On our first day in Bangkok my friend, Jules, and I headed off to find Wat Pho to marvel at the 46 meter long and 15 meter high reclining Buddha and work out some of that too-many-hours-in-coach plane fatigue with a traditional Thai massage.
But first, some lunch. We stopped at the first place packed with locals – Coconut Palm – and ordered up fish cakes to start, a Thai style salad for Jules and chicken phad thai for not-ready-to-be-adventurous-yet me. The food was fresh, flavorful, spicy, but not too spicy for gringas with a 3 out of 5 stars state-side spice ordering habit and under $10 for two people, with two beers.
Satiated, we went in search of Wat Pho. After getting lost once or twice (the tourist maps are sooo bad a cartographer who bothered to actually include all of the streets could make a fortune), being told by a tuk-tuk driver that the Wat wasn’t open for just enough time for him to give us a two-hour city tour at a ridiculously low price (a scam all tourists are warned of) we arrived – and it was open.
After purchasing our ticket and noting the number of people violating Wat dress codes – FYI certain Russian tourist whose sleazy boyfriend was blatantly checking us out, tank tops and short shorts are not appropriate, especially when your bra strap is visible and your tits are hanging out – while we “glistened” profusely in respectful long sleeve tops and long pants/skirts, we made our way to the reclining Buddha.
It’s impossible to convey the magnitude and magnificence of this Buddha through photos or words. Its feet alone are taller than the tallest NBA player and are inlaid with 108 – yes, 108 – mother-of-pearl inlays depicting different auspicious characteristics of a Buddha. Its expression can be interpreted as serene, mysterious, or to some inappropriate husbands who shall remain nameless, in the process of being “satisfied.” But it is the murals on the walls, the structure of the reclining Buddha’s shelter, and the details of the Buddha itself that elevate it from a big Buddha to an awe-worthy artistic achievement.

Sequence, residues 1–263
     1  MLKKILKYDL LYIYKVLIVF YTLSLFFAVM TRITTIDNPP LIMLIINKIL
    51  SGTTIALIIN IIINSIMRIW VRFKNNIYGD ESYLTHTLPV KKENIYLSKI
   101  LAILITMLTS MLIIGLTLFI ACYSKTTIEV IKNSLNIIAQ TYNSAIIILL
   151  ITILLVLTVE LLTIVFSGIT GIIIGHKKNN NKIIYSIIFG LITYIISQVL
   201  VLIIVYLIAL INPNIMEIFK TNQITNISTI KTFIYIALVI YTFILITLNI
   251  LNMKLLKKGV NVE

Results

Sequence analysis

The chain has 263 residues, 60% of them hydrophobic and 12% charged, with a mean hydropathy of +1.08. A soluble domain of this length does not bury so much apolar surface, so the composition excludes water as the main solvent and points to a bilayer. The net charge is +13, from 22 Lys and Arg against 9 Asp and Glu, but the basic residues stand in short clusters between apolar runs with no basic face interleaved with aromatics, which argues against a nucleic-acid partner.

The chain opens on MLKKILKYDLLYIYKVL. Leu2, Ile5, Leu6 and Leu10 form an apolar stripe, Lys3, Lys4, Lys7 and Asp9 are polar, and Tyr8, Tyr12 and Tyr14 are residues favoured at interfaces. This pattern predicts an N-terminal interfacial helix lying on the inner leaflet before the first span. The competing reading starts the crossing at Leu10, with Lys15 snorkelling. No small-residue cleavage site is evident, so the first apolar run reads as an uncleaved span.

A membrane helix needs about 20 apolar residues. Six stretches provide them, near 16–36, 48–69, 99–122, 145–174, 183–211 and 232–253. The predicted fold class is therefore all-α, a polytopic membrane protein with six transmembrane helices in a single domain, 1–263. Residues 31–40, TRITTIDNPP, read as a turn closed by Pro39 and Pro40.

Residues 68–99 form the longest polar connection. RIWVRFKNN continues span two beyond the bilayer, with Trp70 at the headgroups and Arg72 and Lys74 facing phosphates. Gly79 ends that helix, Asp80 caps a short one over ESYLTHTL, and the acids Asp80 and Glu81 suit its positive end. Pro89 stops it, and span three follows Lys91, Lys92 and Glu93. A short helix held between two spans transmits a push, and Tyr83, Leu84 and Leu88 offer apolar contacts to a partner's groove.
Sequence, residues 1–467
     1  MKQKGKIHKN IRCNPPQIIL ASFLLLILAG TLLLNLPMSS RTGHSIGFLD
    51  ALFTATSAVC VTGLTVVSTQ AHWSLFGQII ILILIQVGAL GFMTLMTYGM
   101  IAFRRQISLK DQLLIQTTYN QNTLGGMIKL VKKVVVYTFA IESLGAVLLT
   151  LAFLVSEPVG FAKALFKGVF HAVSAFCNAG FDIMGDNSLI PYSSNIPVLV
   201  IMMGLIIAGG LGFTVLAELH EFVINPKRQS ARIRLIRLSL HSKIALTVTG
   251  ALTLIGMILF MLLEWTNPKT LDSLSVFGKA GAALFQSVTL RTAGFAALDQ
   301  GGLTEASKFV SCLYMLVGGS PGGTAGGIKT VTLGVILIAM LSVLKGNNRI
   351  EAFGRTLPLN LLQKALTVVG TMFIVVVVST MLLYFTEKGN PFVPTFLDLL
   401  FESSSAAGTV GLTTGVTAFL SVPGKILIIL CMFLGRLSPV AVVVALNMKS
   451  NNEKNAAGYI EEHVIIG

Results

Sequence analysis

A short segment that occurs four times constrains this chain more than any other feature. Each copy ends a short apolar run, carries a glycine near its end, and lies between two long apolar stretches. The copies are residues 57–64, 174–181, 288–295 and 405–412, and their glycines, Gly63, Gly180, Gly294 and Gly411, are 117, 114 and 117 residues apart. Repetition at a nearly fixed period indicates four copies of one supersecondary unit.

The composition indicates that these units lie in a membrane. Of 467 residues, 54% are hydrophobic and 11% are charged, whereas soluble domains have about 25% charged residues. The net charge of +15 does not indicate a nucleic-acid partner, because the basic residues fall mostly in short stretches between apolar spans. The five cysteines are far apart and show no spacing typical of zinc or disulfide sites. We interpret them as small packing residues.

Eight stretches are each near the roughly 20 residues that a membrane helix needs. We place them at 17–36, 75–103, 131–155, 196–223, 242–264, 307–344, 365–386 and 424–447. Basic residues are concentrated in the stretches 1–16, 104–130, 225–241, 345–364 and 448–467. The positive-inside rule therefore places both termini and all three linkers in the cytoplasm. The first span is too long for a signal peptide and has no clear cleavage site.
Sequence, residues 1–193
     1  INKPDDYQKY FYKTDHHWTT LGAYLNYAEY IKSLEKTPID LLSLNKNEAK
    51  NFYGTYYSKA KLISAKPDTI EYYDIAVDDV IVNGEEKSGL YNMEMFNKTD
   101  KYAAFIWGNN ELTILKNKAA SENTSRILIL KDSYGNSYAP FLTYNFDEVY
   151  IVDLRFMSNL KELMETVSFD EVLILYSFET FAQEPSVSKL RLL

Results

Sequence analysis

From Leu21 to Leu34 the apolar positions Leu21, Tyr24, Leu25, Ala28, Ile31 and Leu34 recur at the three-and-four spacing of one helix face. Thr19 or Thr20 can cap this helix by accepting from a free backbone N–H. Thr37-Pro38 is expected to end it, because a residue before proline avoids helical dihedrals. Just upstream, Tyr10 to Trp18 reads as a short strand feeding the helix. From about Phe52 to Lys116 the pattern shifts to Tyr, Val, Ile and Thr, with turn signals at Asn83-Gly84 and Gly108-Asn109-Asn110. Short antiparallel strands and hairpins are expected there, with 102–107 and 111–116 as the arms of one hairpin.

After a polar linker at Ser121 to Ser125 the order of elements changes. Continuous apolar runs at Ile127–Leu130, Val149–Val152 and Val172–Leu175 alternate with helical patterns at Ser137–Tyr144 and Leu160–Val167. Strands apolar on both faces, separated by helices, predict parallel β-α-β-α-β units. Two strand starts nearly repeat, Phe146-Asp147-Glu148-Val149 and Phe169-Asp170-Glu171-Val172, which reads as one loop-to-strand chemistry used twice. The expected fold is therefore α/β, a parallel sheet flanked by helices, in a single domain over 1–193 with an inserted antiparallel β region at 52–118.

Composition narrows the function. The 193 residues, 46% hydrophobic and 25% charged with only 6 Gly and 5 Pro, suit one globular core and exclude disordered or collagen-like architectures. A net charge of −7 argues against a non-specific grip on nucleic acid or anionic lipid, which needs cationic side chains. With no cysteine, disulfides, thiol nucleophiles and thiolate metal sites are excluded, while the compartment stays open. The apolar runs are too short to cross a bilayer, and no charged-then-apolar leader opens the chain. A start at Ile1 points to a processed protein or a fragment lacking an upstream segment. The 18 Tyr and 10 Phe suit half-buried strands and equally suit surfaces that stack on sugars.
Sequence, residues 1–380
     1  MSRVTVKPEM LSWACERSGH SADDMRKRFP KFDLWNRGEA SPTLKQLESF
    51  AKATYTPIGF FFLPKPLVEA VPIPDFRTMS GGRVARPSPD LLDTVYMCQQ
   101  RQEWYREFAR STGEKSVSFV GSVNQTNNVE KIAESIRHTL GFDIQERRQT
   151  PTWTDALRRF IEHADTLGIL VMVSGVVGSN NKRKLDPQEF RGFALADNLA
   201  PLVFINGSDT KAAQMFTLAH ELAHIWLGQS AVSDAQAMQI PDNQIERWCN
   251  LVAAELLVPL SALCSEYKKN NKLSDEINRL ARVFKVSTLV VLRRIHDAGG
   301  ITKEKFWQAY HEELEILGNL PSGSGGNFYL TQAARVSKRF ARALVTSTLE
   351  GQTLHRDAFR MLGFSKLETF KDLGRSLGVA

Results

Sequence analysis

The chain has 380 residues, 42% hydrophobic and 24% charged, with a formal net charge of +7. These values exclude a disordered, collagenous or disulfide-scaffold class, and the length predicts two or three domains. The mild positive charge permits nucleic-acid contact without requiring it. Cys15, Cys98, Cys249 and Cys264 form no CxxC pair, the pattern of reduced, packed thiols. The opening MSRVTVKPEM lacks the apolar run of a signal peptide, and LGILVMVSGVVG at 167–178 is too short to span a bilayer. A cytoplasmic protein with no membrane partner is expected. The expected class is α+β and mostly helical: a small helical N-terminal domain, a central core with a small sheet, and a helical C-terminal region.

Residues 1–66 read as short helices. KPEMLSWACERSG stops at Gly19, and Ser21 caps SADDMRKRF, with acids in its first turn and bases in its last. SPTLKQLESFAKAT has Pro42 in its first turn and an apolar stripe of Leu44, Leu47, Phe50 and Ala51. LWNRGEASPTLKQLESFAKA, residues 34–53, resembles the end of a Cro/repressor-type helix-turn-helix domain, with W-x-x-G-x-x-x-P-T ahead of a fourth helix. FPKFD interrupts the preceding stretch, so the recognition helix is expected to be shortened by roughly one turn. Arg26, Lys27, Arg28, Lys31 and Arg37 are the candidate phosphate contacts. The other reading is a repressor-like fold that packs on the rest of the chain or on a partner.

Wat Pho is not just about the reclining Buddha, however. Wander the Wat grounds and you will quickly stumble upon courtyards filled with shiny, sparkling Buddhas and wry sculptures that look as full as you feel.
Continue on a bit and air conditioned massage pavilions filled with massage students willing to massage and stretch you for only 450 Baht (about $15) await. Tired from the plane trip and never having experienced a Thai massage before, the pavilion beckoned.
After sipping complimentary flavored water while waiting my turn, I was led to a changing room and given loose pants to put on. My tank top and long sleeve top could remain (though I quickly ditched the long sleeve top that was sticking to me). Shoes off, pants off, massage pants pulled up and … “Wait, these don’t have a tie.” Massage pants taken off, feverish search for a tie, a button, something to keep these size 20 pants onto my size 6 hips. Nothing.
I pulled the pants back on, and discovered that my tank top was tight and sweaty enough to hold the pants in place if I pulled it over them. Sexy. With visions of a pants-falling, thong-flashing disaster imminent, I headed out of the changing room and to the triple king-size massage futon that I would share with two others and three masseurs. And then the beating began.
Thai massage is considered traditional Thai medicine and is supposed to be therapeutic more than relaxing. In fact, I don’t think relaxation is even factored into the process, although there are short moments of relaxation before a toe or elbow pummels you into flinching awareness. In a nutshell, its purpose is similar to acupuncture or acupressure in that pressure is placed along various points in an effort to untrap air or energy that isn’t flowing as it should. In addition, masseurs pull, push and stretch you into yoga-positions and positions never contemplated in nature. Toes and fingers are cracked, backs are cracked, and you are stretched to the limits of your flexibility and beyond. By the end of the one-hour pleasure and pain session, the tension was gone from my body, areas were cracked that I didn’t know could be cracked and bruises were surfacing on my anemic and thus, bruise-prone body. Alarmingly, I was no longer glistening and in danger of losing my now no-longer-affixed-by-sweat pants.
I held up my pants as I awkwardly hobble-walked to the changing room and noticed all the people around me who had cleverly rolled or knotted their pants into stay-up position. Why didn’t I think of that?